One of the most prominent alternative energy resources is biodiesel, an energy-rich portable fuel mainly composed of triacylglycerols. Biodiesel production from lipid producing microbial systems involves screening thousands of clones through a multitude of tests such as bicinchoninic acid (BCA) assays, optical density measurements, and gas chromatography assays. QPix colony pickers automate the task of colony picking, a laborious and error-prone process, effectively shortening timelines to find suitable candidates.

    Read Application Note 

  • Blue-White Screening

    QPix 400 Blue-White Screening

    Screening of bacterial transformants that contain recombinant plasmids with cloned gene inserts is an essential step in molecular cloning. A colorimetric reporter method called “blue-white screening” allows convenient identification of recombinant and non-recombinant colonies based on color. QPix colony pickers offer an automated solution especially designed for accurate blue-white colorimetric screening using white light imaging for effective monitoring of transformation efficiency. Other colorimetric approaches such as “red-white screening” can also be implemented on the systems. 

    Read Application Note 

    DNA Sequencing

    QPix DNA Sequencing

    Sequencing is the reading of the precise order of adenine (A) guanine (G) cytosine (C) and thymine (T) nucleotides within a molecule of DNA. Shotgun sequencing is a method whereby DNA is fragmented into one kilobase pieces, are then sub-cloned into circular plasmids, and transformed into bacteria. Automated colony picking is essential for increased throughput and plasmid isolation for sequencing. QPix colony pickers are renown for reliability and accuracy, and were used by many sequencing centers during the Human Genome Project. Many areas of research, such as vaccine development, continue to utilize traditional sequencing techniques.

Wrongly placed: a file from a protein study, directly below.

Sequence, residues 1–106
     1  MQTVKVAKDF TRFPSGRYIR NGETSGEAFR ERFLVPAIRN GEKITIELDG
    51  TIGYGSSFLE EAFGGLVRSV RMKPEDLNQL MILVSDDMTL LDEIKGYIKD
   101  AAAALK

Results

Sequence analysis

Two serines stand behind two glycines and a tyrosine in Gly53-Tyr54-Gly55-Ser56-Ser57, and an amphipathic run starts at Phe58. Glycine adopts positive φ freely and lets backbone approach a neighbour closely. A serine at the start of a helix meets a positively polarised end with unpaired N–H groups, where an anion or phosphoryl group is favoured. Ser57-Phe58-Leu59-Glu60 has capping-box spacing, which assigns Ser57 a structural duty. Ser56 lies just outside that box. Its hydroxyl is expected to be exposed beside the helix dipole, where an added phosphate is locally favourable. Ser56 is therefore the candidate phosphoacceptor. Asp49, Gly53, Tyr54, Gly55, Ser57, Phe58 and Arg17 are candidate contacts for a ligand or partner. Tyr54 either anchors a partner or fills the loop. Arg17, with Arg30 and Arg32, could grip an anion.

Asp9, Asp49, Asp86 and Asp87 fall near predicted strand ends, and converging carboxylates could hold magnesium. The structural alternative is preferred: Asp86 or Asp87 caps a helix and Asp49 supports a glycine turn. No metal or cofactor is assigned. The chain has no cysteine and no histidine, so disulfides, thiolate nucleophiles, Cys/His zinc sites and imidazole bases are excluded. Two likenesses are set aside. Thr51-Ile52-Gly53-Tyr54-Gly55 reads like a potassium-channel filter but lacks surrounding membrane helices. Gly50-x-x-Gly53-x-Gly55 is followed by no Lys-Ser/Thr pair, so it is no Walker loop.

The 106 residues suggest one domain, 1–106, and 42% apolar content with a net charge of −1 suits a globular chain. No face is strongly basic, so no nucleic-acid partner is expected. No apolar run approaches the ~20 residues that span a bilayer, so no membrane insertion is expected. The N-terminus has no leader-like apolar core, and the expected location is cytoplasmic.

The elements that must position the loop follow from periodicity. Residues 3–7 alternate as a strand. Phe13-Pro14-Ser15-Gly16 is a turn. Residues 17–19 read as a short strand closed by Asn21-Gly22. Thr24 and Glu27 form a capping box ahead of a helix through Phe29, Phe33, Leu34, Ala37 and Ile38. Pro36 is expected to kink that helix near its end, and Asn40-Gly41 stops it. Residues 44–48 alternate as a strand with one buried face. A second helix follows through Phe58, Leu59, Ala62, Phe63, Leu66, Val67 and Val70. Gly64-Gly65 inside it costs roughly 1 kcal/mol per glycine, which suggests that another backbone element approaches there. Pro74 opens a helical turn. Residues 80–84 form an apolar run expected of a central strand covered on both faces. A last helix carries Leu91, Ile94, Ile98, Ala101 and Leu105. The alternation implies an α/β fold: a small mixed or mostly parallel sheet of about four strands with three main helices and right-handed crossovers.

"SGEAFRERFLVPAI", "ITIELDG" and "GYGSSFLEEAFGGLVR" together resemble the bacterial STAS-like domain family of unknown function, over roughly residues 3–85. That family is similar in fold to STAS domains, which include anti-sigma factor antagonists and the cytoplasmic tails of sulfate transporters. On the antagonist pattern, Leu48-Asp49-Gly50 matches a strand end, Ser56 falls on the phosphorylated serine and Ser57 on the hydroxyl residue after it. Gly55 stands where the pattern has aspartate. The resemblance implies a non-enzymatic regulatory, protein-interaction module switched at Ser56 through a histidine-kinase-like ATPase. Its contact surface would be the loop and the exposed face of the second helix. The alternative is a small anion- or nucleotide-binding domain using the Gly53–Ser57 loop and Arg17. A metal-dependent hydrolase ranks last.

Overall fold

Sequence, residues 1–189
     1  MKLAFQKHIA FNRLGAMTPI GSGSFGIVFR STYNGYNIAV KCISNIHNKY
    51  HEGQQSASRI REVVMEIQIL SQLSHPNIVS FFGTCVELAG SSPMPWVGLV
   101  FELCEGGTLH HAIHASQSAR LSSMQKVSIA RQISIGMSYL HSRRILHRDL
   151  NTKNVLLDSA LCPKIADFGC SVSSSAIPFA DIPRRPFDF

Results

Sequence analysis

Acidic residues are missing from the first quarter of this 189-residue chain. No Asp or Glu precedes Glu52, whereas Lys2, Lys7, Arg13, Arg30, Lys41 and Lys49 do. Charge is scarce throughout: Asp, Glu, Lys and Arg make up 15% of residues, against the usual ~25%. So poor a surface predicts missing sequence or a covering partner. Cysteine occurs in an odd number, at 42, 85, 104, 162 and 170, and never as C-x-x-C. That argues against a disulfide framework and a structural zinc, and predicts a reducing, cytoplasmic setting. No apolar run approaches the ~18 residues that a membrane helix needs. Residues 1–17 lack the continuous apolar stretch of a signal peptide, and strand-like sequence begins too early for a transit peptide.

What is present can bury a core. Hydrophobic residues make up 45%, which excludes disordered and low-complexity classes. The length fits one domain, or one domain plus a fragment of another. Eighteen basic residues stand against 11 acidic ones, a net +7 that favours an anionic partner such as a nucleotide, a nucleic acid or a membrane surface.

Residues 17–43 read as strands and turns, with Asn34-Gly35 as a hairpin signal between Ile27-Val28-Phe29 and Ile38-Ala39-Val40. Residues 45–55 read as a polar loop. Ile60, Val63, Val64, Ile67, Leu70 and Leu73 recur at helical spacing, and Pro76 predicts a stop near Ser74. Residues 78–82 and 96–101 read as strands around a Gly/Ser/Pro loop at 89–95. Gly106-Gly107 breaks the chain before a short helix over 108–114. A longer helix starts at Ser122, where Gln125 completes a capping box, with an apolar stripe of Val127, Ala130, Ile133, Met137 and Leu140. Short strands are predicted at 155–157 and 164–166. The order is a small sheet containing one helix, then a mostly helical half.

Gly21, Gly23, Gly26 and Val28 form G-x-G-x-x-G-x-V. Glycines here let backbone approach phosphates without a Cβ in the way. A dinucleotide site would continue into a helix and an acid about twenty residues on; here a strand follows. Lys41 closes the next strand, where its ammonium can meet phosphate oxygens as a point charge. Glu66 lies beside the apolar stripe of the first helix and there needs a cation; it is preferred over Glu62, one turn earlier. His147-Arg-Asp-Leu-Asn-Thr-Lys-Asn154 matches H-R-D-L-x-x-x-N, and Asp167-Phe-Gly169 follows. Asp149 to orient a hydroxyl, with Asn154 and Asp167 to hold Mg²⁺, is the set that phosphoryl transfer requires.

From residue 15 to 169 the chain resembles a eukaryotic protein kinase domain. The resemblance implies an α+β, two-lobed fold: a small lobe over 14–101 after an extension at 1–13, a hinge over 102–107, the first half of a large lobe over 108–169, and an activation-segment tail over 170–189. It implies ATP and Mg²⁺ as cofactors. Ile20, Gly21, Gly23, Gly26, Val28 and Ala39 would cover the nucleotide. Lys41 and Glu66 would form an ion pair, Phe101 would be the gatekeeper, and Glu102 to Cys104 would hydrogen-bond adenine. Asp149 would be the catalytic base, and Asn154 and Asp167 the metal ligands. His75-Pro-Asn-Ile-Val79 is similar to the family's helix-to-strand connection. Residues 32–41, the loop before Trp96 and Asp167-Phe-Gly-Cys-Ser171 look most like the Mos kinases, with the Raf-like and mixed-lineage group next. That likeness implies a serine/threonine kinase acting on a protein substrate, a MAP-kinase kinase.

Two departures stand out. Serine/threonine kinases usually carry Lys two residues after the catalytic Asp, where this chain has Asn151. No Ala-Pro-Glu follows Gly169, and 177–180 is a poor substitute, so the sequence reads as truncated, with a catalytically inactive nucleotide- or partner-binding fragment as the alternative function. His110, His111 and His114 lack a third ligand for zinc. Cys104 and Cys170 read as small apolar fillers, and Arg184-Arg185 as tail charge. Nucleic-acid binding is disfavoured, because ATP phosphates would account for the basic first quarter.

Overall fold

Read Application Note 

  • Monoclonal Antibodies (mAbs)

    Monoclonal Antibodies (mAbs)

    Monoclonal antibodies (mAbs) originate from one unique parent cell, thus binding only to a single epitope. Monoclonal antibody discovery typically refers to the screening and identification of specific antibodies that target a specific epitope for the diagnosis and treatment of diseases, like the coronavirus for COVID-19.

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    Phage Display

    Qpix Colony Pickers Phage Display Technique

    Phage Display is a technique to enable the study of protein, peptide or DNA interaction with a target protein. This molecular tool enables the discovery of high-affinity binders by using bacteriophages to present a target protein on the exterior of the viral coat, while containing the DNA encoding the target protein inside the viral coat. The resultant displaying phages can be screened for binding against a library of peptides or proteins in a high throughput fashion. QPix colony pickers can be used to automate inoculation, plating, spreading and picking in a Phage Display workflow.  

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  • Protein Evolution

    Microbial Colony Pickers Protein Evolution

    Protein evolution describes the changes over time in protein shape, function, and composition. Directed evolution of proteins has proven to be an effective strategy for altering or ameliorating the activity of macromolecules for industrial, research, and therapeutic applications. With multiple fluorescent filters, the system is compatible with a wide range of fluorescent cloning vectors. This enables QPix colony pickers to reveal unique information about individual colonies when studying protein folding, enzyme evolution, and protein localization. This includes searching for transformation markers and screening for mutations.

    Synthetic Biology

    Synthetic Biology